31 A.L.R.-70.

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Missouri. Adams v. St. Louis & ing of a smaller verdict than the eviS. F. R. Co. (1910) 149 Mo. App. 278, dence warranted against it. The 130 S. W. 48; Allen v. Jackson (1919) court said: "In the case at bar we

Mo. App. —, 216 S. W. 539; Coyne think it perfectly clear from the v. Galland (1922) — Mo. App. -, 243 pleadings and the evidence of both S. W. 376.

plaintiff and defendant that, if plainNew Hampshire. - Luey v. Bundy tiff was entitled to recover the posses(1838) 9 N. H. 298, 32 Am. Dec. ,359. sion of the property sued for, it was

South Carolina. Trowbridge also entitled to recover as damages Charleston & W. R. Co. (1911) 90 the sum of $50 per month from the S. C. 183, 73 S. E. 78.

7th day of February, 1906. The findSouth Dakota. Fowler y. Aber ing, therefore, of a lesser sum in case deen R. Co. (1919) 41 S. D. 563, 171 a delivery could not be had, could N. W. 816; Fahrni v. Artz (1920) 43 in no wise injure appellant, but was S. D. 188, 178 N. W. 733.

to its benefit. . . A judgment Tennessee. Illinois C. R. Co. v. will not be reversed or a new trial Abernathey (1901) 106 Tenn. 722, granted for a mere error, when it 64 S. W. 3.

clearly appears that the appellant Texas. St. Louis, S. F. & T. R. has suffered no injury therefrom." Co, v. Fenley (1908) Tex, Civ. App. Even though the verdict in an ac-, 118 S. W. 845; Taylor Bros. v. tion for tort cannot be reconciled Hearn (1910) 63 Tex. Civ. App. 333, with any tenable theory, the defend133 S. W. 301; Galveston, H. & S. A. R. ant cannot take advantage of harmCo. v. State (1917) Tex. Civ. App. less error and complain that the evi-, 194 S. W. 462, reversed on other dence is sufficient to support a larger grounds in (1919) 110 Tex. 128, recovery for the plaintiff. Farmers' 216 S. W. 393, 218 S. W. 361; Farmers' & M. State Bank y. Guffey (1923) & M. State Bank v. Guffey (1923)

Tex. Civ. App. , 255 S. W. 462, Tex. Civ. App. 255 S. W. 462.

an action for the conversion of bank Washington. — Saylor v. Montesano deposits to the extent of $4,033.50 (1895) 11 Wash. 328, 39 Pac. 653; wherein a verdict for $1,500 was reJose v. Stetson (1899) 20 Wash. 648, turned. 56 Pac. 397; Ross v. Rose (1920) Where verdict was rendered 109 Wash. 273, 186 Pac. 892.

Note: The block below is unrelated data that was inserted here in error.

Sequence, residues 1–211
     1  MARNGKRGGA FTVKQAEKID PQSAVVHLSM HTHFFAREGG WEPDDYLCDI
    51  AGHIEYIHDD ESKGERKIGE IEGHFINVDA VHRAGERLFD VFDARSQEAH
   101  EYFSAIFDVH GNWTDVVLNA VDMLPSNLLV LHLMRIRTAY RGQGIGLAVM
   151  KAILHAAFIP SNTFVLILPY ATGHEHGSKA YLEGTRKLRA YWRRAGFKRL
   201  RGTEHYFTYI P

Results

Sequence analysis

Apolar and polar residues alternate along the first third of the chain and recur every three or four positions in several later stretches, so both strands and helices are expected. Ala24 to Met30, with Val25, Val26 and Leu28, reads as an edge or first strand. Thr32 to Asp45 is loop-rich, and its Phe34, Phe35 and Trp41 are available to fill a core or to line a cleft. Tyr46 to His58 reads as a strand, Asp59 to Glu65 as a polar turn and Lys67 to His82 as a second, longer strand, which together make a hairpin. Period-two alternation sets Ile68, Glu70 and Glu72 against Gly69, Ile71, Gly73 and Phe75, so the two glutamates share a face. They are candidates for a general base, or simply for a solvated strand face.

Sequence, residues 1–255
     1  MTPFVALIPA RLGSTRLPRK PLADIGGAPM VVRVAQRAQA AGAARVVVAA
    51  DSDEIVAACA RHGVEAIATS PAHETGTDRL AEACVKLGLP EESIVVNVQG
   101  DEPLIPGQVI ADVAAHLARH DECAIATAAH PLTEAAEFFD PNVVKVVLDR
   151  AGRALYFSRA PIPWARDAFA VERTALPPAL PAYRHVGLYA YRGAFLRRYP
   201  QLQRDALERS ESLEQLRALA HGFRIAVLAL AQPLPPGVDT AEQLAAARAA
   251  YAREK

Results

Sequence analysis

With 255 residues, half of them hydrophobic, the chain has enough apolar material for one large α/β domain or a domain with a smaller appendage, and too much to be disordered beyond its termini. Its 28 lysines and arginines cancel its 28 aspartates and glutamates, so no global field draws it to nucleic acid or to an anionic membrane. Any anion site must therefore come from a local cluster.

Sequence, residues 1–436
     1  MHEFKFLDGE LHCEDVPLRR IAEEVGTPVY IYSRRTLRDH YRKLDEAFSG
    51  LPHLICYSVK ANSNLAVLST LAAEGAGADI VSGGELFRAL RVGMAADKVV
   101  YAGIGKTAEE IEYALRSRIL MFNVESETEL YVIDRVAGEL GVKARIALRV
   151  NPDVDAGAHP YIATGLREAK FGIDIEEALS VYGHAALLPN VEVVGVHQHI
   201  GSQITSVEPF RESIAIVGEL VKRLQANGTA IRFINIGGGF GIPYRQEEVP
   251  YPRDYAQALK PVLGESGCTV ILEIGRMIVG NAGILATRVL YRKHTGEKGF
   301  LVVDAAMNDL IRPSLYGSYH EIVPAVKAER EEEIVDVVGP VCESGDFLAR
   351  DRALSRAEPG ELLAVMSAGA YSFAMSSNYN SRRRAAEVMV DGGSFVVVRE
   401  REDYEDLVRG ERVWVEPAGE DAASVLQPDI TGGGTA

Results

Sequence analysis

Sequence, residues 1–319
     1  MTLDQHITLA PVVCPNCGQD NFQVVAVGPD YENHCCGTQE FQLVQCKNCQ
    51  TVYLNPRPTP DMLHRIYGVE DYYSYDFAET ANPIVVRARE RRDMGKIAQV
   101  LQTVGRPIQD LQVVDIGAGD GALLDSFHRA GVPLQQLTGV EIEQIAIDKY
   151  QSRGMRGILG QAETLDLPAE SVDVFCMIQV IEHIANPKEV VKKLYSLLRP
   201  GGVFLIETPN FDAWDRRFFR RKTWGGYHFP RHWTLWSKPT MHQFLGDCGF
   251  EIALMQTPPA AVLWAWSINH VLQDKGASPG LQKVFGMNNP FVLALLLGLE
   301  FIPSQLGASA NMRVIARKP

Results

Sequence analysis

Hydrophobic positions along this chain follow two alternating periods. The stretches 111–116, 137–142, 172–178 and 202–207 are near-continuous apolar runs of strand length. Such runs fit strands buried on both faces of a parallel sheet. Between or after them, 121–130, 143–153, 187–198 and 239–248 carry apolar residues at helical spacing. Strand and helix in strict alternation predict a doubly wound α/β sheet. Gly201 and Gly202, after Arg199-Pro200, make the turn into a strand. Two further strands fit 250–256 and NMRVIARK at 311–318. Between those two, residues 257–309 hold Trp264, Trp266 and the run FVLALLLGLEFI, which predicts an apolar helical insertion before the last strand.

against a sheriff for a statutory Wisconsin, Corcoran v. Harran amount for failure to pay over money (1882) 55 Wis. 120, 12 N. W. 468. collected on a fieri facias, he could

not complain that the verdict was b. Application of rule.

inadequate, as not including the Tort against property.

amount of the execution. Alford y. The general rule was applied in Samuel (1845) 8 Ala. 95. Compressed Air Mach. Co. v, West The rule was also applied in InterSan Pablo Land Co. (1908) 9 Cal. App. state Lumber Co. v. Woods (1914) 67 361, 99 Pac. 531, where the plaintiff Fla. 202, 64 So. 741, and in Newhouse sued to recover the possession of Mill & Lumber Co. v. Avery (1911) certain machinery and $673 damages 101 Ark. 34, 140 S. W. 985, wherein for conversion, or the sum of $1,200 action was brought to recover exemand damages in case the machinery plary damages for unlawfully cutting could not be delivered. The jury re- timber, but only compensatory damturned a verdict in favor of the plain- ages were awarded. tiff for the recovery of the machinery, And likewise, in Florsheim v. Duland damages at the rate of $50 per laghan (1895) 58 Ill. App. 593, an acmonth for the detention thereof, or, tion for trespass, the court said: in case a delivery could not be had, “That the damages are less than the the sum of $1,200 as the value of the evidence required can be complained property, and $150 damages for the of only by the plaintiffs below.” detention. It was held that the de- It was contended in Graves v. Negy fendant could not object to the find- (1923) 114 Kan. 373, 219 Pac. 286,